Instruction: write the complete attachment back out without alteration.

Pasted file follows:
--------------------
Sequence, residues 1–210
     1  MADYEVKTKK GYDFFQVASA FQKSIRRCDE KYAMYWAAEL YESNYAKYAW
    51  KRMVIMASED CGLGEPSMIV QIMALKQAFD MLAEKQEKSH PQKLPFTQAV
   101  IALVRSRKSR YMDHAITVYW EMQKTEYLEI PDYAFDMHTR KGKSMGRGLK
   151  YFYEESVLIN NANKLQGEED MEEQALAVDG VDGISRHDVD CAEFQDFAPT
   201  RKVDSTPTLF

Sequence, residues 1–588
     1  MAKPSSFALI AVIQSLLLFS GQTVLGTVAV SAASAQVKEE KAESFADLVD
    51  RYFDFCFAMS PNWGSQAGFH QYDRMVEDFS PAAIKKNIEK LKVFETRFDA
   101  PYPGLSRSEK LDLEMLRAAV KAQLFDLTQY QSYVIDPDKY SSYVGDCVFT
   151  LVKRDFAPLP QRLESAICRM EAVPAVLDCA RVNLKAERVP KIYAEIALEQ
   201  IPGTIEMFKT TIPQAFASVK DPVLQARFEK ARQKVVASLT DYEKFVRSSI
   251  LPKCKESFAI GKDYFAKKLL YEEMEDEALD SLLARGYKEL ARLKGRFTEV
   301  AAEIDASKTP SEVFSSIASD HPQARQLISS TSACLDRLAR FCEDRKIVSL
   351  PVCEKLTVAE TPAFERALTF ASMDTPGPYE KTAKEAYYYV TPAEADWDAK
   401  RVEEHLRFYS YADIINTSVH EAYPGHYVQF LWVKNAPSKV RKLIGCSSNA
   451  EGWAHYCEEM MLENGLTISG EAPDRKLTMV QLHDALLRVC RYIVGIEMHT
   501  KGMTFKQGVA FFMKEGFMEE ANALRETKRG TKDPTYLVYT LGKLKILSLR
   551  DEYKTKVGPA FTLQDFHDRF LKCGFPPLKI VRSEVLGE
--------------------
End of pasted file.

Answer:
Sequence, residues 1–210
     1  MADYEVKTKK GYDFFQVASA FQKSIRRCDE KYAMYWAAEL YESNYAKYAW
    51  KRMVIMASED CGLGEPSMIV QIMALKQAFD MLAEKQEKSH PQKLPFTQAV
   101  IALVRSRKSR YMDHAITVYW EMQKTEYLEI PDYAFDMHTR KGKSMGRGLK
   151  YFYEESVLIN NANKLQGEED MEEQALAVDG VDGISRHDVD CAEFQDFAPT
   201  RKVDSTPTLF

Sequence, residues 1–588
     1  MAKPSSFALI AVIQSLLLFS GQTVLGTVAV SAASAQVKEE KAESFADLVD
    51  RYFDFCFAMS PNWGSQAGFH QYDRMVEDFS PAAIKKNIEK LKVFETRFDA
   101  PYPGLSRSEK LDLEMLRAAV KAQLFDLTQY QSYVIDPDKY SSYVGDCVFT
   151  LVKRDFAPLP QRLESAICRM EAVPAVLDCA RVNLKAERVP KIYAEIALEQ
   201  IPGTIEMFKT TIPQAFASVK DPVLQARFEK ARQKVVASLT DYEKFVRSSI
   251  LPKCKESFAI GKDYFAKKLL YEEMEDEALD SLLARGYKEL ARLKGRFTEV
   301  AAEIDASKTP SEVFSSIASD HPQARQLISS TSACLDRLAR FCEDRKIVSL
   351  PVCEKLTVAE TPAFERALTF ASMDTPGPYE KTAKEAYYYV TPAEADWDAK
   401  RVEEHLRFYS YADIINTSVH EAYPGHYVQF LWVKNAPSKV RKLIGCSSNA
   451  EGWAHYCEEM MLENGLTISG EAPDRKLTMV QLHDALLRVC RYIVGIEMHT
   501  KGMTFKQGVA FFMKEGFMEE ANALRETKRG TKDPTYLVYT LGKLKILSLR
   551  DEYKTKVGPA FTLQDFHDRF LKCGFPPLKI VRSEVLGE